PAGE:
Charting Canada's Culture of Philanthropy

When an old woman and her cat came looking for food recently from Shelley Wells, executive director of Quest Food Exchange in Vancouver, it didn't matter that the woman had only 17 cents to spend for a week's worth of goods. Wells had seen tight budgets before - it was not rare for a family to drop by with $20 to stretch for a whole month. By the time the lady went home that day, Wells and her team at Quest, which redistributes excess or damaged food from supermarkets and restaurants to the public, were able to provide her with five meals. "We act as the link between the food and the people who need it," says Wells of the operating model that fills the bellies of 220,000 people every month.

Quest is one of more than 120 examples of philanthropic achievement described in an upcoming report by Imagine Canada, a national charitable organization that researches and promotes the non-profit sector. "Conversations with Canadians: Philanthropic success stories," to be released in November, details the history of philanthropy across the country in hopes of motivating people to offer their talents and enthusiasm, if not always their money, for a cause. "We tend to focus on the big gifts," says Georgina Steinsky-Schwartz, president and chief executive of Imagine Canada, "but there's a lot going on out there. All it takes is one person to come up with an idea and to put money, thought, energy and time behind it."

The report fits all this philanthropic activity into one of eight categories, from fund-raising, health care, education, social and economic development to the environment, sports, arts, and international issues. But a quick skim of the organizations and people named reveals that while large sums of money donated by wealthy people have had a tremendous impact - think of Ken Thomson's donation of $300 million worth of paintings to the Art Gallery of Ontario - many significant contributions start with ordinary, individual citizens who have been resourceful and inventive in addressing a problem. "I want people to dream and stretch their imagination on what they could do," says Marvi Ricker, vice-president and managing director of philanthropic services at BMO Harris Private Banking, which sponsored the report.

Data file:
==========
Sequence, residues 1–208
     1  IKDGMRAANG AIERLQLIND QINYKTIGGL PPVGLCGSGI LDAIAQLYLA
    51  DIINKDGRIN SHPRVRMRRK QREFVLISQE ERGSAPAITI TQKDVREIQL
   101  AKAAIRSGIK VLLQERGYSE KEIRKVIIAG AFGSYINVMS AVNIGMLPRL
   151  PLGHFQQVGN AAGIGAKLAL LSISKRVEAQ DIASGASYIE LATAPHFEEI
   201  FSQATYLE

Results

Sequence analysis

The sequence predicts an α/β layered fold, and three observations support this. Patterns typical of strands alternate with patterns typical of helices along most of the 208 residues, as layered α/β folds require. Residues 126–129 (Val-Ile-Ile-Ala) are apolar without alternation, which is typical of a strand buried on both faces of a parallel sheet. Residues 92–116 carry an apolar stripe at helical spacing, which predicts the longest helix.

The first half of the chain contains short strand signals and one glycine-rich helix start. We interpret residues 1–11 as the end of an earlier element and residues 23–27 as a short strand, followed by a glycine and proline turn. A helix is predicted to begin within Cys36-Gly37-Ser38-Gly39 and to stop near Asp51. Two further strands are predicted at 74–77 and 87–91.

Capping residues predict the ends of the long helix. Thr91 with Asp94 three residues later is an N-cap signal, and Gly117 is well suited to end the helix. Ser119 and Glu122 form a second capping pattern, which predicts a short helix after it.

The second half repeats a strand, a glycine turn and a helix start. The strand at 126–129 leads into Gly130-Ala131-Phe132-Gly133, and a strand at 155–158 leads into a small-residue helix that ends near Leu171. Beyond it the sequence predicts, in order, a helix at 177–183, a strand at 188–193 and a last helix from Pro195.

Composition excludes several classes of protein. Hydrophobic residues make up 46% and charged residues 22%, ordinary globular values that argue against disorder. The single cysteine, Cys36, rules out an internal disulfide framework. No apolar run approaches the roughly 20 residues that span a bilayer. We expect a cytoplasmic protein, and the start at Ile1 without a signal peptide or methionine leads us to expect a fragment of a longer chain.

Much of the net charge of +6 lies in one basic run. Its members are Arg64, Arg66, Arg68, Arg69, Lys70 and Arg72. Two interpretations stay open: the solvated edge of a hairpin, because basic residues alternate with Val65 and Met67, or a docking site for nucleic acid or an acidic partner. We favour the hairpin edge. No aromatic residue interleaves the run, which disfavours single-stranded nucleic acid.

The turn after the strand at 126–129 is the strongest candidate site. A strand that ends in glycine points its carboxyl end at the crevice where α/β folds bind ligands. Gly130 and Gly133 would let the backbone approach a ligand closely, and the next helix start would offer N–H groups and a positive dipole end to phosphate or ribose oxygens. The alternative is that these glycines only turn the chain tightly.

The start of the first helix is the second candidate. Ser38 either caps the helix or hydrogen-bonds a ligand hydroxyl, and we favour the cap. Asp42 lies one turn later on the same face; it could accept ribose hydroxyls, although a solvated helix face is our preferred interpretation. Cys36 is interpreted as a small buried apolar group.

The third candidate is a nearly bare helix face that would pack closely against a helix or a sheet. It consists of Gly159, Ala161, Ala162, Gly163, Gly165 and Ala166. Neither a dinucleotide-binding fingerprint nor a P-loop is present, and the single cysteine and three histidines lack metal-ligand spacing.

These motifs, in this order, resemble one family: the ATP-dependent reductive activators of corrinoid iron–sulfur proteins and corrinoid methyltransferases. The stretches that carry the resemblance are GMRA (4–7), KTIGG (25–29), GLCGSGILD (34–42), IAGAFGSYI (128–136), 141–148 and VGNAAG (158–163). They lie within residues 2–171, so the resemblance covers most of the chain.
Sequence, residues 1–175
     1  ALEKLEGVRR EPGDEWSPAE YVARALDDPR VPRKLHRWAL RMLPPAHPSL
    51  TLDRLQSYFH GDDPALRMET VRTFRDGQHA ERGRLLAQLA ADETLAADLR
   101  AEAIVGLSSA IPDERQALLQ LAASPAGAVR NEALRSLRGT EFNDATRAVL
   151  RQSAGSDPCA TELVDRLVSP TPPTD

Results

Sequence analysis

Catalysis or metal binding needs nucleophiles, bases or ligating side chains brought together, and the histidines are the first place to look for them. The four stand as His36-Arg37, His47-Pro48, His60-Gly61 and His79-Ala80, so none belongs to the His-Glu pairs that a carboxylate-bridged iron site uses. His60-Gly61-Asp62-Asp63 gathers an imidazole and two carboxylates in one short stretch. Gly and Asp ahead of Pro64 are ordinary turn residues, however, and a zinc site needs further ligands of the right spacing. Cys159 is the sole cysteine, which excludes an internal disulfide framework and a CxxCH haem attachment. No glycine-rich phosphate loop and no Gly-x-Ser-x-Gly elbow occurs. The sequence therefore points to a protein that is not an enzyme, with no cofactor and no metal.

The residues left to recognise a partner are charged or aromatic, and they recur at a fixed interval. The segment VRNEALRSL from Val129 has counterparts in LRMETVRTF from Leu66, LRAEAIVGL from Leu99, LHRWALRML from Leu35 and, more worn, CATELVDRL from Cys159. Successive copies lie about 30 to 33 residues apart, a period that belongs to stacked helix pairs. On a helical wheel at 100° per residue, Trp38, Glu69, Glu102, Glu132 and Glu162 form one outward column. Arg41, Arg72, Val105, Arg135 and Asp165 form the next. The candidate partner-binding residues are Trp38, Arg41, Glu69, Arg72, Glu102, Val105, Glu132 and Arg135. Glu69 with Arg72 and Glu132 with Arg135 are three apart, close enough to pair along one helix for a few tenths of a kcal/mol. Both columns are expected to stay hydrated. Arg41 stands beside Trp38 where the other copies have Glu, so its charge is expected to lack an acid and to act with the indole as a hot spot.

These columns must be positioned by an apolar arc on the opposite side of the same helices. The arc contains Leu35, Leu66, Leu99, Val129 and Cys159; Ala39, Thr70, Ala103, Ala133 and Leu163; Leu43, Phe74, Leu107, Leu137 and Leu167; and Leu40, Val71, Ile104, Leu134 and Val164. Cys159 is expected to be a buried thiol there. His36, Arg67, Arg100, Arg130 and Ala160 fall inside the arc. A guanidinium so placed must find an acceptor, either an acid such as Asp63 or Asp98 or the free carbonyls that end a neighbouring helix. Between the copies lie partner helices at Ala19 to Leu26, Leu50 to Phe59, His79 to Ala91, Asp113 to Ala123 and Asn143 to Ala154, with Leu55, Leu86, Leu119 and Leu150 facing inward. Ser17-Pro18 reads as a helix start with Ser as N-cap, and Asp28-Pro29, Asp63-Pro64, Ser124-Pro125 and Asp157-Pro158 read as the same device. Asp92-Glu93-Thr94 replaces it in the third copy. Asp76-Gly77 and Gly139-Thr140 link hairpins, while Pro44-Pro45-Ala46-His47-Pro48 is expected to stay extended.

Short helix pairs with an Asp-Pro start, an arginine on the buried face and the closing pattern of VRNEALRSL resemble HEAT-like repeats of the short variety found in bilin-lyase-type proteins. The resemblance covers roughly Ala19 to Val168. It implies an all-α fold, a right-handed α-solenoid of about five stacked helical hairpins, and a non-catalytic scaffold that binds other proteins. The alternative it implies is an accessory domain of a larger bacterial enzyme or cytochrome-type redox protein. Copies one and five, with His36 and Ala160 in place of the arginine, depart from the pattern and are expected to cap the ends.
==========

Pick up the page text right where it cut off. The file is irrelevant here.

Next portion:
When Shelley Wells first joined Quest several years ago, for instance, it was operating as a near-bankrupt soup kitchen barely able to feed a hundred people a day in Vancouver's Downtown Eastside. Until then, she had been running her own business as a consultant on community development policies and race relations. The desperate need for produce, meat, poultry and grains - and Quest's limited grocery budget - ignited an idea: redirect the good food that was going to the local landfill to Quest. Now, the organization is one of the fastest growing not-for-profits in Canada, having collected more than $9 million worth of food last year - or 50 tonnes daily. And that's still less than one per cent of the food they could be acquiring. Wells, who long ago abandoned her business to focus on Quest, says that specific goals are essential for philanthropy to work. "You have to have a vision, and you have to believe in what you're doing."

The list of creative non-profit work is extensive: United We Can, also in Vancouver, sees 750 "binners" dive daily into dumpsters to rescue up to 20 million recyclable bottles and cans from the landfill every year. In Montreal, a "circus city" called TOHU has been built using environmentally friendly methods, which has revitalized a destitute neighbourhood and employed marginalized residents. And in Kitchener-Waterloo, Ont., real estate agent Mary Bales established Heartwood Place, which offers affordable housing, after witnessing the widening disparity between the people who could buy nice homes in the community and those low-income earners who had few options. "I'm not a big-A advocate or a big-P political person," says Bales, but she insists that everyone has a role in philanthropy. "If I were to sit and look at what Mike Lazaridis and Jim Balsillie do, I wouldn't do anything," she muses.